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Review finds fundamental flaws in TPPA economic analysis

Review finds fundamental flaws in TPPA economic benefits analysis

A Tailrisk Economics review of the MFAT assessment of the TPPA economic benefits found that there are fundamental flaws in the modelling of key inputs.

“Eighty-five present of the estimated annual economic benefits of $2.7 billion by 2030 come from reductions in non-tariff barriers and trade facilitation. But the assumptions that went into the modelling are so absurd that the results should be scrapped” said Ian Harrison, Principal of Tailrisk Economics.

• The goods non-tariff barrier model identified countries such as Gabon, Kenya and Albania as having very low non-tariff barriers while New Zealand is one of the worst performers.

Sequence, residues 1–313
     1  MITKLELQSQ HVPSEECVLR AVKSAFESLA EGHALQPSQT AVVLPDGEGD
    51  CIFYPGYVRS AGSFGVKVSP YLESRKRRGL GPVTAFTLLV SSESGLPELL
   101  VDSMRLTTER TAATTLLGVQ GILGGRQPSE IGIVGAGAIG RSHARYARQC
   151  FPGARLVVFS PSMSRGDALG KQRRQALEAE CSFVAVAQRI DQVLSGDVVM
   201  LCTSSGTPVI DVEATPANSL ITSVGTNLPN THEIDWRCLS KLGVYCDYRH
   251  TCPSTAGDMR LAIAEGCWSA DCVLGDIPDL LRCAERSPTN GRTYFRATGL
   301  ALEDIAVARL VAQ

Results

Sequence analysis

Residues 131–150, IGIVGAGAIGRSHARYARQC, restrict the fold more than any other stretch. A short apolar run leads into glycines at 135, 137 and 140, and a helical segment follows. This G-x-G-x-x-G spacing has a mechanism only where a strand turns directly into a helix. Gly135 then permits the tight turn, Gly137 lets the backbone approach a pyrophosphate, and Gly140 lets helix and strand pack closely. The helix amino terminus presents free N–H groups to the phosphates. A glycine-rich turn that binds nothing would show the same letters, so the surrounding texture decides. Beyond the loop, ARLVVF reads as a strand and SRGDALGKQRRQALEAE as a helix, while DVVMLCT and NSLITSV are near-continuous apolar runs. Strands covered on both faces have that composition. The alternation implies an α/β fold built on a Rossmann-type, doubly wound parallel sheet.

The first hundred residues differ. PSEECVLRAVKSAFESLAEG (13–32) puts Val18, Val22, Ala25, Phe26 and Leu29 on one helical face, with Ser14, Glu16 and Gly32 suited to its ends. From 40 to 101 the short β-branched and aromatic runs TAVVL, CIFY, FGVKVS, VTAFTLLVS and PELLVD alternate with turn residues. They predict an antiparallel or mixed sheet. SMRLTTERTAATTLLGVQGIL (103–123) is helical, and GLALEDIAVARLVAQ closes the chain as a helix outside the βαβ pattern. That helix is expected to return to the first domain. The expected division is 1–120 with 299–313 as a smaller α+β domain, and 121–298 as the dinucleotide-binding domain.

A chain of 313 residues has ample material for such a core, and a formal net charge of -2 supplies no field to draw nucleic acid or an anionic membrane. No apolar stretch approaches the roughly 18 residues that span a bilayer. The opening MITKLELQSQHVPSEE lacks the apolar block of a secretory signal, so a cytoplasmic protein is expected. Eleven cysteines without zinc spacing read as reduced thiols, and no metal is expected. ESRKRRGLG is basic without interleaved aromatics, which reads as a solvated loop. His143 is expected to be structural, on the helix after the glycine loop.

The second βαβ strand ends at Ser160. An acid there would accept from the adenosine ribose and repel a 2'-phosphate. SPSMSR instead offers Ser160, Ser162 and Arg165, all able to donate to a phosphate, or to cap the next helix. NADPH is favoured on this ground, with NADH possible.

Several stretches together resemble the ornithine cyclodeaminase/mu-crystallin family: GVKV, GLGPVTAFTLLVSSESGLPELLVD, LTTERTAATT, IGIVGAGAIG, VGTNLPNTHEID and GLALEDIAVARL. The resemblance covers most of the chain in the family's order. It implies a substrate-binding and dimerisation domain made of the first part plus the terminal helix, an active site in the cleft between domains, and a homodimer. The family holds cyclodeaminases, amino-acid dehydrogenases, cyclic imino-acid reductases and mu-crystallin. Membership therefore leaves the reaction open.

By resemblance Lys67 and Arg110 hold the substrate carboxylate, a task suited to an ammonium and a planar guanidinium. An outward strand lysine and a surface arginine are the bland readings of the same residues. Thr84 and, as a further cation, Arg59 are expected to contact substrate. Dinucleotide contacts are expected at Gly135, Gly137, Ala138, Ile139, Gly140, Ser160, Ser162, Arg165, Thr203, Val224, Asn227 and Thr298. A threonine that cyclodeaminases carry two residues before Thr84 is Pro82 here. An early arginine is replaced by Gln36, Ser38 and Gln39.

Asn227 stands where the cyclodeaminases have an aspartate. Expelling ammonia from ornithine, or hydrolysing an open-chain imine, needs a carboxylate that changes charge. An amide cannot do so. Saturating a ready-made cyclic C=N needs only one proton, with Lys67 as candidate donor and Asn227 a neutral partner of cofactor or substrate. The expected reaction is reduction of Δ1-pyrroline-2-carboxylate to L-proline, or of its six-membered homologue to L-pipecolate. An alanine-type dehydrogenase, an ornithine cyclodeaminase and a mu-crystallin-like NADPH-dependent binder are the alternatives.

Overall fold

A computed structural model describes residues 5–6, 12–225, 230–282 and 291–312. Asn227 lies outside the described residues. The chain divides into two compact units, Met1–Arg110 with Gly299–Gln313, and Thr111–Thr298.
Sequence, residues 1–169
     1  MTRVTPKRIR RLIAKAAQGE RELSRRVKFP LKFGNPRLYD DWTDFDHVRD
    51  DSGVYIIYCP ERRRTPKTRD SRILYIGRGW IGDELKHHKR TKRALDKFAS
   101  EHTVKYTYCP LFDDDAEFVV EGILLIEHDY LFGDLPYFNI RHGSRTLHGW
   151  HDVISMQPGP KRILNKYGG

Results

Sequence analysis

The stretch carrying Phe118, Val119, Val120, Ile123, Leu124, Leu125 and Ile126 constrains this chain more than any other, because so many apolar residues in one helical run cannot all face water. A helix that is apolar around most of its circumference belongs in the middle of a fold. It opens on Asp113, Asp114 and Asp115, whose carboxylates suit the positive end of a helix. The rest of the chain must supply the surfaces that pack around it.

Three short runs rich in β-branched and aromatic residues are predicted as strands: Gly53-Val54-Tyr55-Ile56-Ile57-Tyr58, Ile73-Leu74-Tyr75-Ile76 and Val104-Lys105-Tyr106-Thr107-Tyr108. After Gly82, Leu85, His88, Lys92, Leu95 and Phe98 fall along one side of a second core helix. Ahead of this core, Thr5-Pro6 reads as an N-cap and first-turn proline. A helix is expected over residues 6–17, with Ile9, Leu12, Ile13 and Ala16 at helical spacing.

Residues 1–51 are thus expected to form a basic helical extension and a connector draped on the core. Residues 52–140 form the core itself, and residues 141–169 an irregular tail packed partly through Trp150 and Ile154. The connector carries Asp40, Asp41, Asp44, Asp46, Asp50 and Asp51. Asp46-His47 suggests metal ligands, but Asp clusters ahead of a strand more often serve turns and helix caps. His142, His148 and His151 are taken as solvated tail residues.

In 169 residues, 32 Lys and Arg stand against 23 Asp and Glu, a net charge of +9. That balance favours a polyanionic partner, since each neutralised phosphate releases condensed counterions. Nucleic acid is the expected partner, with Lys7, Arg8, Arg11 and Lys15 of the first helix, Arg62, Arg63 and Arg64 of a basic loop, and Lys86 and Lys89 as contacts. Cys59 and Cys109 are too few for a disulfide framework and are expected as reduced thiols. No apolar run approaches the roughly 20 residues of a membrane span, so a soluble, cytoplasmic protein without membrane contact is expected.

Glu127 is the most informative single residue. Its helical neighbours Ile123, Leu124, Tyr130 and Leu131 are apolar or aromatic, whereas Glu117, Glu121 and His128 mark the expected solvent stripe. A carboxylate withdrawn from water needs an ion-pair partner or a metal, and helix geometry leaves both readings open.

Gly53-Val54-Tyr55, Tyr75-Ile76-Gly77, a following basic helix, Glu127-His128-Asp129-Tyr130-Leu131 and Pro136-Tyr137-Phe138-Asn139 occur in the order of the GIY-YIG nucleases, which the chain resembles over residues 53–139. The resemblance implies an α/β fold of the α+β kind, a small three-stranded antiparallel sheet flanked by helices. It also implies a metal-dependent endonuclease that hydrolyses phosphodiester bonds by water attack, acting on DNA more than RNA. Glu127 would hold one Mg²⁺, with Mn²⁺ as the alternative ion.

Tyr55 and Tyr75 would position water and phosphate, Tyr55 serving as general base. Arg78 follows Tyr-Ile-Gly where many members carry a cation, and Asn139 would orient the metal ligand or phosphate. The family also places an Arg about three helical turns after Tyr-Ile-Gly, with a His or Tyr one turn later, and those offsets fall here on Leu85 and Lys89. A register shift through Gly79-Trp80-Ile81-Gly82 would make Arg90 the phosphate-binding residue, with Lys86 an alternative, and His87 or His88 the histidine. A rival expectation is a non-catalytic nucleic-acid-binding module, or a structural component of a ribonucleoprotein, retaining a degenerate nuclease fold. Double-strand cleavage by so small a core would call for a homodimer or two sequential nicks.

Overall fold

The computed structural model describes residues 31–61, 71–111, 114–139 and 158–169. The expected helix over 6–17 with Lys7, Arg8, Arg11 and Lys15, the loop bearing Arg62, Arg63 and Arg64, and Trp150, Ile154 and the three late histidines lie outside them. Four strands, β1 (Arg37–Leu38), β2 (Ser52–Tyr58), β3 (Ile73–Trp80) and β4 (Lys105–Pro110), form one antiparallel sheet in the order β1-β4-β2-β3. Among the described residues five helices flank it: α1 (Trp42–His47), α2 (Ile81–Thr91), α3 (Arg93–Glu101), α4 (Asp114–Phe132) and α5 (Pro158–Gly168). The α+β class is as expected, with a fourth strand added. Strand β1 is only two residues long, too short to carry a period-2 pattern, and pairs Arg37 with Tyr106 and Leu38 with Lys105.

• New Zealand is rated as having the third highest non-tariff protection of agriculture in the TPPA group with an effective protection rate of 23%.

• The trade facilitation benefit of $374 million a year are based on a reduction in custom clearance times of just 10 hours. Much of the benefit appears to be due to a reduction in the cost of importing oil where importers are assumed to face an interest rate of 511%.

• The model used to calculate services trade barriers puts the effective rate of protection on New Zealand financial services at 70 percent, when most financial services are already provided by foreign owned companies.

“The benefits of $624 million a year from tariff reductions and market access look too high given the limited reduction in the protection of key agricultural markets.” said Harrison.

“More work needs to be done in this area, but in the interim total benefits of $135 million per year, or about .04 percent of GDP, would be a more realistic assessment of the value of the TPPA to New Zealand. This needs to be balanced against the costs.”


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